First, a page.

I’ve written before about my stinky onion layers.
The ones meant to cover and hide.
Right now, several ladies from SGM are taking SBD Doula training through stillbirthday. The class is an amazing, comprehensive wealth of information to help prepare both the skilled birthworker and the compassionate-hearted individual wanting to come alongside a bereaved parent. We are so excited about all the learning and tools we are gleaning from this training, and cannot wait to use what we’ve learned to support families through SGM’s perinatal hospice and bereavement support outreach.
But, something I didn’t expect….
is the level of emotion being uncovered in each unit….tucked safely beneath my stinky onion layers.
Buried so deep, I didn’t even know it was there.
Flashes of hearing the words incompatible with life.
Long and complicated labors.
No birth plans…no guidance…feeling our way blindly, clinging. Trusting in what we did not see.
Missed opportunities and regret.
Sitting behind the privacy screen, holding Thomas, in the midst of the busy NICU, machines whirring, lights blinking, wires beeping. Drinking in the precious minutes with our sweet boy.
We are supposed to contact funeral homes this week, to see what they offer to grieving families. Well, I know some of the services offered locally, because SGM helps provide bereavement items. So, I thought I would just use the information I already have to answer this week’s exam question.
I was just fine with that, nonchalant, even…thinking I visit the funeral home all the time.
Until I read Holly’s blog post, and spoke with Jenny.
I made myself remember. It’s painful, to willingly revisit the places hidden so deeply beneath the layers that we don’t even know they exist. I realized this afternoon, that I really don’t remember what it’s like to be a mother walking into the funeral home to choose a casket for her baby. I didn’t make those choices for Faith and Grace. I remember telling my mother from the hospital bed that I wanted pink.
“And, their dresses. Make sure you get them dresses with pink lace and ribbons.” Oh how I dreamed of pink lace and ribbons for their nursery. At least this one time, there will be pink lace and ribbons for my girls.
That was it. I didn’t pick their dresses out. I didn’t pick out their casket. I didn’t give the funeral home directions. I didn’t even go there until the visitation. I was a twenty-one year old baby girl….and I just wanted my momma to take care of this unspeakable thing, as I was left still trying to process a word so stark and ugly as ‘funeral’ being spoken in the birthing room of my baby girls. It was foreign. It didn’t belong. She was desperate to take care of me, so the partnership worked just fine.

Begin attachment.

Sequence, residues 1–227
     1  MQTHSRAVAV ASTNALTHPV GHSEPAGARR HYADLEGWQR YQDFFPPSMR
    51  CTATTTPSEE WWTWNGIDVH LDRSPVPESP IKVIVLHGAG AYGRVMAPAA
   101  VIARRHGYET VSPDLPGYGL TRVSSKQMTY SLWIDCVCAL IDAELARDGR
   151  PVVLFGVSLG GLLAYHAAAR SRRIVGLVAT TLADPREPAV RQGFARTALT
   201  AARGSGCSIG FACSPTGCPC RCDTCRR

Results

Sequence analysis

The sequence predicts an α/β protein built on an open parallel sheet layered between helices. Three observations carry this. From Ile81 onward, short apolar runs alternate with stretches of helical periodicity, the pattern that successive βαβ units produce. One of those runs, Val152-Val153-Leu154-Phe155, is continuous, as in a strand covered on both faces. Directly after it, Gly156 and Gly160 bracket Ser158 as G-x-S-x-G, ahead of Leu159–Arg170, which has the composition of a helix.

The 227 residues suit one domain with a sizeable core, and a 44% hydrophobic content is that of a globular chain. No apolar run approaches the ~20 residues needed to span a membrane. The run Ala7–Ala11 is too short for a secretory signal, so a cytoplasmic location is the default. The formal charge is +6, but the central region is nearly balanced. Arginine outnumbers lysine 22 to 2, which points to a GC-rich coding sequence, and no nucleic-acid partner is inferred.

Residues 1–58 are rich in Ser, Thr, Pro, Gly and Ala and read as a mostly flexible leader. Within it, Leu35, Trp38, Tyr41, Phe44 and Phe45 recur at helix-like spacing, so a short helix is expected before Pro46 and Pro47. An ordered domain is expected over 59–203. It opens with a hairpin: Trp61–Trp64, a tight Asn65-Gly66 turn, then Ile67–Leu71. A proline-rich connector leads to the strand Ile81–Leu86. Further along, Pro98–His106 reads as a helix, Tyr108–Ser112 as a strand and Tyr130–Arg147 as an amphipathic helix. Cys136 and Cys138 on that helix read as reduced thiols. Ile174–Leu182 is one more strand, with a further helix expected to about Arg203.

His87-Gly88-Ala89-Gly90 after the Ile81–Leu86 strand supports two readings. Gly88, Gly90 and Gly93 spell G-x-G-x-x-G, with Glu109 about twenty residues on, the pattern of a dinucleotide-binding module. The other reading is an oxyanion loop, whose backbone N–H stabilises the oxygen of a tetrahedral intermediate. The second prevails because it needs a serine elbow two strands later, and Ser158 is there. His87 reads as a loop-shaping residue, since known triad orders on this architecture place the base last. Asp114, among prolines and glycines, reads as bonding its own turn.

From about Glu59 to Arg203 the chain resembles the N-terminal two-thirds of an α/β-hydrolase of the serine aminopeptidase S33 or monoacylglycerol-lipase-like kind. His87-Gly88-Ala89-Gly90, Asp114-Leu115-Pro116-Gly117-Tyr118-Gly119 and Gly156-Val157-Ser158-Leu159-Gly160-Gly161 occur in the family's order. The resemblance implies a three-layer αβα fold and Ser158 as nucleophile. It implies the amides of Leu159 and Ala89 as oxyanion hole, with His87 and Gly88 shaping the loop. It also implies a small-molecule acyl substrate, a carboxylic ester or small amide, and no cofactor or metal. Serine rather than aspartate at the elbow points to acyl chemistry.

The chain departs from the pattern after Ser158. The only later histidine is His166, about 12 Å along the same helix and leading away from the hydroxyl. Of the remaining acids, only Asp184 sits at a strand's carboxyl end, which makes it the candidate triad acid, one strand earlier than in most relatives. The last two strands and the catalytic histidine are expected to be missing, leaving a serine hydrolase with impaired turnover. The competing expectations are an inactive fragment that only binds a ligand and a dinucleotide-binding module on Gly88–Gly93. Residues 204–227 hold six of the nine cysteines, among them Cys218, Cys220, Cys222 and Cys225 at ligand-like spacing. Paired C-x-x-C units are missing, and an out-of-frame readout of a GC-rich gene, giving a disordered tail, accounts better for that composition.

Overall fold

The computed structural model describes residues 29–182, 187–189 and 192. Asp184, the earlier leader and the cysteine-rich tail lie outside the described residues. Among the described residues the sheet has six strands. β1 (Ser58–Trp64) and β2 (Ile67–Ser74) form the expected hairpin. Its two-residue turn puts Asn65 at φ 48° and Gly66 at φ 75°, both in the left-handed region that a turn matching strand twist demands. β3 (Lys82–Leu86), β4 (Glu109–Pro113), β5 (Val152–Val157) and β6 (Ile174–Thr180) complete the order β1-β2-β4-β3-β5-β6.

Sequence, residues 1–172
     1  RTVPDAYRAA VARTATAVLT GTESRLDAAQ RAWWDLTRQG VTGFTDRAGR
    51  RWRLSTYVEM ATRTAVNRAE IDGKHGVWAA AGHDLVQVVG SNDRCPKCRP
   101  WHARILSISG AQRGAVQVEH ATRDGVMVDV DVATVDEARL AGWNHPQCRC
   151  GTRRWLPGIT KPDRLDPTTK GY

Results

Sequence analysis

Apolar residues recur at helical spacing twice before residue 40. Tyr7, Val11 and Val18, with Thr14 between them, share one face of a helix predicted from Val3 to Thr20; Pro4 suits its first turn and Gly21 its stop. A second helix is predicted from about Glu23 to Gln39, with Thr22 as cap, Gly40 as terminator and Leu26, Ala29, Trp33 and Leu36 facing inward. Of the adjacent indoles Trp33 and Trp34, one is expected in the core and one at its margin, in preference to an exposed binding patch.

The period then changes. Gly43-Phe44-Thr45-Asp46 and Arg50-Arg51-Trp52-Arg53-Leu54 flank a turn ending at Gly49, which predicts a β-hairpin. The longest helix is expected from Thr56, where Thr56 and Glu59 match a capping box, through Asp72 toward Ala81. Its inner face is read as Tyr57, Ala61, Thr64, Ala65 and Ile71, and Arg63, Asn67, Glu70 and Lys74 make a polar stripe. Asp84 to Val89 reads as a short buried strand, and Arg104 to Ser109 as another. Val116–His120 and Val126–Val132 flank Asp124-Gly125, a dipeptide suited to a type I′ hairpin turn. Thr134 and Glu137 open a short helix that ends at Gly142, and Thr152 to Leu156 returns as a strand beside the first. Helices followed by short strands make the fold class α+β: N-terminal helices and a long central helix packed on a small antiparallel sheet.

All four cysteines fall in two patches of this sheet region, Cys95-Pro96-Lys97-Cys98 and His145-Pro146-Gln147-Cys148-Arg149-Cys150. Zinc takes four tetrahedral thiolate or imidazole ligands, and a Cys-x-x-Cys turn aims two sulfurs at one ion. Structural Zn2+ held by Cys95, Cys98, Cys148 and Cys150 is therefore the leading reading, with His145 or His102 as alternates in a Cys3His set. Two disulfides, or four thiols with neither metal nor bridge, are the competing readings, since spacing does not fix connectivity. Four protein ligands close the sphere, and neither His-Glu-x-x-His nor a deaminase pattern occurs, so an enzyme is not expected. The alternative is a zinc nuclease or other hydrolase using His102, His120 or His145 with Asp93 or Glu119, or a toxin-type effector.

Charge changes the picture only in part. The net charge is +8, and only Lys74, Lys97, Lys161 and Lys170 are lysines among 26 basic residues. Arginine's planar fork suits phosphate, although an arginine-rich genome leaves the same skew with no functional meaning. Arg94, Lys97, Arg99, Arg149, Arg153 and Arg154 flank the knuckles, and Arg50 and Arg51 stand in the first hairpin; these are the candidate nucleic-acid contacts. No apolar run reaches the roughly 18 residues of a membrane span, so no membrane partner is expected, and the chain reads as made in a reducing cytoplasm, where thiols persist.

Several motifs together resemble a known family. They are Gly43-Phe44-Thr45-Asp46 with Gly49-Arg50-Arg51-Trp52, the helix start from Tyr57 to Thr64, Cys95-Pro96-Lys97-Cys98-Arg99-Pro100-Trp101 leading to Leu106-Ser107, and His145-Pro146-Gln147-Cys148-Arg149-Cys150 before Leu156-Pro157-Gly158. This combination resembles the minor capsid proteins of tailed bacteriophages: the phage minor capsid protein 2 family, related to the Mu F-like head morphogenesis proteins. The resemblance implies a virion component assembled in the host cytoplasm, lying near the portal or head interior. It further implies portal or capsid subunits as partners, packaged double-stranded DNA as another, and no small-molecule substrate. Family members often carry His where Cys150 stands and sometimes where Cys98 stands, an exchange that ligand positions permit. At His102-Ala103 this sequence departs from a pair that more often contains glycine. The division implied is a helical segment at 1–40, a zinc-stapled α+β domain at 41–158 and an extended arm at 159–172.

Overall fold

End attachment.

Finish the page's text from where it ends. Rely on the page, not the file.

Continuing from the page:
Earlier this evening, I thought I didn’t plan Thomas’ funeral either. I chose the songs, his outfit, and the scriptures. But, I had no memory of choosing his casket, either. Tonight, I am not sure, to tell you the truth. It’s too blurry.
All I know, is I have no memory of making those choices.
And, the ache of my heart to even consider these memories, to graze them tentatively…tiptoeing into the places hidden deep. The emotion bubbling up is more than I want to bear. How…How after 16 and 14 years is it this painful, this raw, this real? How have I not considered before today the planning of their funerals? I just buried it all. As the dirt fell on the top of their caskets, the layers formed around these most tender places of my heart, shielding, protecting.
Every once in awhile, I cower for a moment, wondering why I’ve ventured so deep into these hidden layers. I know with my mind that the only way out is through…and you can’t go around it. I know that allowing the tears to fall is akin to allowing the healing balm to form around the wounds still gaping once uncovered….even sixteen years later.
I know the answer. It is a worthy journey, and not just for me…to feel it all. To remember, however sharp the sting. Because in feeling it, in remembering, compassion grows deeper, for those walking this path…the one still fresh, not well-worn and familiar as it has become for me. But foreign and frightening, uncertain as she walks it, if hope will ever find her again.
With fresh understanding I can see her, and reassure that she is not alone. Many have walked this painful path before her. And, we walk with her now.
I tell medical professionals all the time, that it takes courage to show the kind of compassion that doesn’t cower, doesn’t look away, but looks deeply into the places no one wants to see. Into the face of sorrow. Into the empty arms of a mother. Into the dark valley of doubt. Into the endless sea of grief.
It takes courage for me, too. To feel the depth of this sorrow that once held me captive in it’s grip. Sometimes, I am afraid to stand on the shores of that dark sea. I won’t lie. Afraid that it will encompass me, and never let go. But, only for a moment. Because, my Father steps in with His still small voice and the peace that knows no reason, whispering truth…
“Don’t you know, dear daughter, there is no pit so deep…no sea so dark…no storm so tempest tossed…no heart so broken…no grief so agonizing that My love cannot find you? You don’t have to muster the courage. Just walk. My strength is made perfect in your weakness.”
So, tomorrow, I will go to the funeral home.